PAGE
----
Last month I successfully juggled while flying down a zip line. I had tried the feat three or four times previously and I always dropped about halfway down the line. This most recent time, though, I made it the whole way (about 100 yards). Here is the video evidence, followed by some thoughts on the science behind it….
Between doing this zip line juggle and juggling while running (“joggling”), people often make comments to me that imply their confusion over the science of how it works. Many people think I need to throw the balls ahead of me in order to juggle while in forward motion.
The answer is, no, I do not. The balls are already in forward motion with me as I’m running or flying on a zip line. They are traveling the same speed as me, so when I toss them upward, they fly both up and forward without any extra forward effort on my part. If you were to stand in the back of a moving pick-up truck (do not attempt) and toss a basketball straight up, it would not fly behind you but rather in front of you as if you were standing still (as long as you are not going so incredibly fast that there is crazy wind resistance).
The problem with the zip line, though, is not the forward motion, but rather the spinning motion. That is what has always messed me up in the past. When I spin while juggling, I do need to overcompensate my throws in a particular direction to make up for the spin. When I successfully juggled down the zip line, I just happened to get the throws right based on my spins. It was tough, but certainly possible.
I ordered some silicone molds that make perfect ice spheres about the size of a baseball. I put them in the freezer and out came the ice balls for juggling. I went outside and tried them out.
I was able to do it – and of course my hands got very cold! The balls began to melt and in turn got slippery. But I could still maintain the juggle for about a minute or so. Maybe my next trick should involve some sort of mix of juggling these with fire torches. The fire and ice show. What do you think?
I can see some good teaching opportunities here too, such as the nature of water and how it can take on different properties. And how the hands are very warm and have the potential to melt ice fairly quickly.
I like finding neat science tricks and visual illustrations that can be used to help communicate Biblical concepts in teaching. I found this neat brain game trick which I like to call the “curved arcs” from Steve Spangler Science. He sells the pieces I bought below. But you can also make your own and he has instructions on his site. I made my own large versions out of wood. The pictures below are the smaller cardboard type.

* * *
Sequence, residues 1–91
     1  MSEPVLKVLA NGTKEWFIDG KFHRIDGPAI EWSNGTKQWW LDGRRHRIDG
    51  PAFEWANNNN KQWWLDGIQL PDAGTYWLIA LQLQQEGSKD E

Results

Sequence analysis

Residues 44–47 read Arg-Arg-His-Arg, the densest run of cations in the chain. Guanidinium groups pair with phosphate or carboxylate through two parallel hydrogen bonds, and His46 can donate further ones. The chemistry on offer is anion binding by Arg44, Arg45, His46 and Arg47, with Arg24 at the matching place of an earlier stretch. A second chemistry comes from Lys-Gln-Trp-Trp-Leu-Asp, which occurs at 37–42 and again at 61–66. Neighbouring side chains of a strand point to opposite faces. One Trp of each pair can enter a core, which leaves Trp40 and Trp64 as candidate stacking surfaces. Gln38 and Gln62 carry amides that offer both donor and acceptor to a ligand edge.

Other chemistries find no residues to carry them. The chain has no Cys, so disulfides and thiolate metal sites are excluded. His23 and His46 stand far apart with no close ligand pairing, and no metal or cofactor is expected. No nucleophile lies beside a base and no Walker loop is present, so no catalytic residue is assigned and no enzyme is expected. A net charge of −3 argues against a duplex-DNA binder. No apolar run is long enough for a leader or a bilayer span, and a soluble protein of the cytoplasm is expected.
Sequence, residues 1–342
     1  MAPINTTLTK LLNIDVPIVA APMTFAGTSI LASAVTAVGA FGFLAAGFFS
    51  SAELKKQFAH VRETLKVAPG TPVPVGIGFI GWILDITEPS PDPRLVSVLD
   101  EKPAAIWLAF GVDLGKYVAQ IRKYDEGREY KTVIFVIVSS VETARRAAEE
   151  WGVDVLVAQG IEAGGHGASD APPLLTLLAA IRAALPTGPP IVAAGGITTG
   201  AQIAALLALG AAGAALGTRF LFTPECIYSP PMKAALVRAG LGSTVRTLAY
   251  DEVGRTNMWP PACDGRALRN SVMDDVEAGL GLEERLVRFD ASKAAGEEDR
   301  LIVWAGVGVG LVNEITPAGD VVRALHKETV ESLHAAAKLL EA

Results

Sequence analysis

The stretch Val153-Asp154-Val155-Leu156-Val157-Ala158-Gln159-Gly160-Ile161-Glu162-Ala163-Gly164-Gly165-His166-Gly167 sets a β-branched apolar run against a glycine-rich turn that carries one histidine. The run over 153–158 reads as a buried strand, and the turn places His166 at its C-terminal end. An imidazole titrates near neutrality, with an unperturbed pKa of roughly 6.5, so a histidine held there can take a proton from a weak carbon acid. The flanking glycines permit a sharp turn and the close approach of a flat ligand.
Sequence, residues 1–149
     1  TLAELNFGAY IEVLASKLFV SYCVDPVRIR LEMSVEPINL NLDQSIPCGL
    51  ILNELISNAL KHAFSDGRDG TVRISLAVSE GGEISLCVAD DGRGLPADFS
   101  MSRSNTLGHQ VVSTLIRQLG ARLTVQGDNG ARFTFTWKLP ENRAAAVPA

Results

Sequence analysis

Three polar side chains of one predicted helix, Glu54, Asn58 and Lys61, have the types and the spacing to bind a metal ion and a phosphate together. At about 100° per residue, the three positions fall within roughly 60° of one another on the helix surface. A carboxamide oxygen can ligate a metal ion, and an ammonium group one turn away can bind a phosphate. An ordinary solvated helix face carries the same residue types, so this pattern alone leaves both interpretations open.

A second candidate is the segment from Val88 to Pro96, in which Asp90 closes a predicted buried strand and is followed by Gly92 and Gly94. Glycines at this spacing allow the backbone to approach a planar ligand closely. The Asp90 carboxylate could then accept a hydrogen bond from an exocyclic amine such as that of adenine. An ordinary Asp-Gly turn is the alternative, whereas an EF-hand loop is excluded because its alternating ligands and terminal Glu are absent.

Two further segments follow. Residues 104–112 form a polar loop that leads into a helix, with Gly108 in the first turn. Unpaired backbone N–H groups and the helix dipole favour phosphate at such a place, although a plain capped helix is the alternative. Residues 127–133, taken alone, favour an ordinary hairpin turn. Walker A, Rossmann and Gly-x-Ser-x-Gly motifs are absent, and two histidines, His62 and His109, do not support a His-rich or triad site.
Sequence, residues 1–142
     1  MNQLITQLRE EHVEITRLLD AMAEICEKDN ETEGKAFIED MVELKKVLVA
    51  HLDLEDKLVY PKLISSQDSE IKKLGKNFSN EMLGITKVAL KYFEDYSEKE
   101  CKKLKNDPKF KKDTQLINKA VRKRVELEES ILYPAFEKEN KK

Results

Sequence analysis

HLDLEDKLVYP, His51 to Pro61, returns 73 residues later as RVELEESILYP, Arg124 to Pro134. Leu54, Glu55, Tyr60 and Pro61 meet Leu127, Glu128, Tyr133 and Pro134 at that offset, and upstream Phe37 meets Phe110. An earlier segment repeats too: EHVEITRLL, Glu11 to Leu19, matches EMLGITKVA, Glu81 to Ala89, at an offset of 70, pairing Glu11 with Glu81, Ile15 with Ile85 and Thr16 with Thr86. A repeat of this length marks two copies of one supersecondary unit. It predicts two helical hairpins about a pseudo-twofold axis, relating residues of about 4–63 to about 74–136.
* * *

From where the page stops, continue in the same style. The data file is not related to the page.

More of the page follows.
At first glance, one may look smaller than the other.
You can especially notice how they appear different lengths when you position them like this.
This is the two pieces switched. Now the yellow one is “longer”!
But when you stack them (seen below), you realize they are the same size!
Most adults pick up on this pretty quickly. Kids take a little longer to agree with you, of course. But no matter your age, it is still a fascinating reality. Two objects of the exact same size can appear to be different lengths depending on how they are positioned relative to one another.
Clearly our eyes and brains can play tricks on themselves. And that is one of the points I like to make in teaching kids about the Bible. There are several connections you can make here.
One that I make is that we as humans are all equally fallen sinners before God. We might compare ourselves to other people and think, “Well, I’m not as bad as that person!” The truth is, all have sinned and have fallen short of the glory of God (Romans 3:23). When you put the two arcs on top of one another, you realize that they are the same. We are the same as humans as well in terms of our guilt before a perfect and holy God.
What metaphors or illustrations would you make with this brain game? Have you used any in the past? Let me know if you have any ideas!